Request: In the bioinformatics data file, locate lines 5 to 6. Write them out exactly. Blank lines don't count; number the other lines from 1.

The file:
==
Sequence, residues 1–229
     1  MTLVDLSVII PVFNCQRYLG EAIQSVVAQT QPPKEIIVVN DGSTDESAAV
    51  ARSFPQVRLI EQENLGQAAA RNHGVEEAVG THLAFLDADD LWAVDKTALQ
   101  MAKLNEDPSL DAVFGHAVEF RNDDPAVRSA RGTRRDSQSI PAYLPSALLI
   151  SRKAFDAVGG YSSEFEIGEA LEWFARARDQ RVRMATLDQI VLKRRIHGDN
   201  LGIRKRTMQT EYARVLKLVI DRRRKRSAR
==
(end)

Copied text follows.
   151  SRKAFDAVGG YSSEFEIGEA LEWFARARDQ RVRMATLDQI VLKRRIHGDN
   201  LGIRKRTMQT EYARVLKLVI DRRRKRSAR